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Sex and gender differences in newborn infants: why are boys at increased risk?

Elsmén, Emma LU ; Steen, Mårten LU and Hellström-Westas, Lena LU (2004) In Journal of Men's Health & Gender 1(4). p.303-311
Abstract
Newborn boys have higher morbidity and mortality than girls. Several studies have shown that male newborn sex is an independent risk factor for adverse outcome. The specific mechanisms leading to the increased risks for newborn boys are not known. However, several sex-specific reactions and physiologic responses have been described in both the fetus and newborn infants. Some of these differences persist during childhood; although later other sex and gender-specific differences become more important. Recently, the research aiming at explaining the vulnerability in male infants has been intensified. Experimental data from newborn animals have shown that many sex differences can be explained by differences in hormonal function and stress... (More)
Newborn boys have higher morbidity and mortality than girls. Several studies have shown that male newborn sex is an independent risk factor for adverse outcome. The specific mechanisms leading to the increased risks for newborn boys are not known. However, several sex-specific reactions and physiologic responses have been described in both the fetus and newborn infants. Some of these differences persist during childhood; although later other sex and gender-specific differences become more important. Recently, the research aiming at explaining the vulnerability in male infants has been intensified. Experimental data from newborn animals have shown that many sex differences can be explained by differences in hormonal function and stress responses. However, if these findings apply to humans as well is not yet known. The aim of this paper is to review literature on very early sex-specific differences and shed some light on the increased risks for male fetuses and newborn boys. (Less)
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author
organization
publishing date
type
Contribution to journal
publication status
published
subject
in
Journal of Men's Health & Gender
volume
1
issue
4
pages
303 - 311
external identifiers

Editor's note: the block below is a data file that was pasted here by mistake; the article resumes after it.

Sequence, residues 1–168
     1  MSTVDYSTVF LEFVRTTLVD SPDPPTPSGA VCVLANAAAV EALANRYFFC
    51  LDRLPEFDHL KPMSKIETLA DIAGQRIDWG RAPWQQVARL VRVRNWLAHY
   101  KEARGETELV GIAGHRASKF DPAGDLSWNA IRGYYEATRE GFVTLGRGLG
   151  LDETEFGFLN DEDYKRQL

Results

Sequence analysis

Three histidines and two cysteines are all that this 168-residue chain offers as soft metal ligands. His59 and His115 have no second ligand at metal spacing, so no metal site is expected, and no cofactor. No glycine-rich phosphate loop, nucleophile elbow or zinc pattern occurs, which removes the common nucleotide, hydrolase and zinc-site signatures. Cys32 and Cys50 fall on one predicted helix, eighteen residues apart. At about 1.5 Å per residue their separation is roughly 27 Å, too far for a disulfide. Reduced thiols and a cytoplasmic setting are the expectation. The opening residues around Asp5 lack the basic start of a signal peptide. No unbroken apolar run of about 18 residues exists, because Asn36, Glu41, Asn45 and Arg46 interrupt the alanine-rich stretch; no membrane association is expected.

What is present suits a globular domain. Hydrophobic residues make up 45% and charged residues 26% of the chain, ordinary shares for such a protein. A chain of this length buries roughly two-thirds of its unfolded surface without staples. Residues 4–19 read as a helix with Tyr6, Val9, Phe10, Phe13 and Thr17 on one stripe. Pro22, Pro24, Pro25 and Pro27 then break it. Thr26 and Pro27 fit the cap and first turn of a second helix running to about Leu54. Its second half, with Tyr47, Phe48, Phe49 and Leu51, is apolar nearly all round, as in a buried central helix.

• scopus:16844366435
DOI
10.1016/j.jmhg.2004.09.010
language
English
LU publication?
yes
id
6bcad16c-678b-4c0a-957e-b2ee7e230acf (old id 1131160)
date added to LUP
2008-06-13 12:49:31
date last changed
2017-11-12 04:18:35
@article{6bcad16c-678b-4c0a-957e-b2ee7e230acf,
  abstract     = {Newborn boys have higher morbidity and mortality than girls. Several studies have shown that male newborn sex is an independent risk factor for adverse outcome. The specific mechanisms leading to the increased risks for newborn boys are not known. However, several sex-specific reactions and physiologic responses have been described in both the fetus and newborn infants. Some of these differences persist during childhood; although later other sex and gender-specific differences become more important. Recently, the research aiming at explaining the vulnerability in male infants has been intensified. Experimental data from newborn animals have shown that many sex differences can be explained by differences in hormonal function and stress responses. However, if these findings apply to humans as well is not yet known. The aim of this paper is to review literature on very early sex-specific differences and shed some light on the increased risks for male fetuses and newborn boys.},
  author       = {Elsmén, Emma and Steen, Mårten and Hellström-Westas, Lena},
  language     = {eng},
  number       = {4},
  pages        = {303--311},
  series       = {Journal of Men's Health & Gender},
  title        = {Sex and gender differences in newborn infants: why are boys at increased risk?},
  url          = {http://dx.doi.org/10.1016/j.jmhg.2004.09.010},
  volume       = {1},
  year         = {2004},
}